CNA 42 Chomsky 2015.pdf


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favor of the version presented by Theodore Roosevelt, who explained that “The
expansion of the peoples of white, or European, blood during the past four
centuries…has been fraught with lasting benefit to most of the peoples already
dwelling in the lands over which the expansion took place,” notably those who had
been “extirpated” or expelled to destitution and misery.
The national poet, Walt Whitman, captured the general understanding when he
wrote that “The nigger, like the Injun, will be eliminated; it is the law of the races,
history… A superior grade of rats come and then all the minor rats are cleared out.”
It wasn’t until the 1960s that the scale of the atrocities and their character began to
enter even scholarship, and to some extent popular consciousness, though there is a
long way to go.
That’s only a bare beginning of the shocking record of the Anglosphere and its
settler-colonial version of imperialism, a form of imperialism that leads quite
naturally to the “utter extirpation” of the indigenous population — and to
“intentional ignorance” on the part of beneficiaries of the crimes.
G.Y.: Your response raises the issue of colonization as a form of occupation.
James Baldwin, in his 1966 essay, “A Report from Occupied Territory,” wrote,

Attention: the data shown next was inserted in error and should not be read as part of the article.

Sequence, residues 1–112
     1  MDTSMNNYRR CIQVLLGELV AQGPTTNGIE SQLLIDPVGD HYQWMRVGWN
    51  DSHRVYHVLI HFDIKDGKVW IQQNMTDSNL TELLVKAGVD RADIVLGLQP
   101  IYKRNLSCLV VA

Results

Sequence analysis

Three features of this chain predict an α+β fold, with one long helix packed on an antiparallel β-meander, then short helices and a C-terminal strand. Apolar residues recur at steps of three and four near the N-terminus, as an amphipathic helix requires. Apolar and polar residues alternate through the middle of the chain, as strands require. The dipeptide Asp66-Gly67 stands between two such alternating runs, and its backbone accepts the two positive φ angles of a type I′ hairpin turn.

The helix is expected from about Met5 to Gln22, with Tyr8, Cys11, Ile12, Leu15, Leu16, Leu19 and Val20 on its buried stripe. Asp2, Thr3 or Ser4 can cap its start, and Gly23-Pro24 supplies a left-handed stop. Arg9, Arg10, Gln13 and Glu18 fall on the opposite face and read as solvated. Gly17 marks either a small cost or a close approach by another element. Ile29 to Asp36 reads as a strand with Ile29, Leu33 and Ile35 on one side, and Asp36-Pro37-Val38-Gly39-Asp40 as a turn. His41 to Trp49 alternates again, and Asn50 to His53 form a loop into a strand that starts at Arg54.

“Harlem is policed like occupied territory.” This quote made me think of Ferguson,
Mo. Some of the protesters in Ferguson even compared what they were seeing to the
Gaza Strip. Can you speak to this comparative discourse of occupation?
N.C.: All kinds of comparisons are possible. When I went to the Gaza Strip a
few years ago, what came to mind very quickly was the experience of being in jail (for
civil disobedience, many times): the feeling, very strange to people who have had
privileged lives, that you are totally under the control of some external authority,
arbitrary and if it so chooses, cruel. But the differences between the two cases are, of
course, vast.
More generally, I’m somewhat skeptical about the value of comparisons of the
kind mentioned. There will of course be features common to the many diverse kinds
of illegitimate authority, repression and violence. Sometimes they can be
illuminating; for example, Michelle Alexander’s analogy of a new Jim Crow,
mentioned earlier. Often they may efface crucial distinctions. I don’t frankly see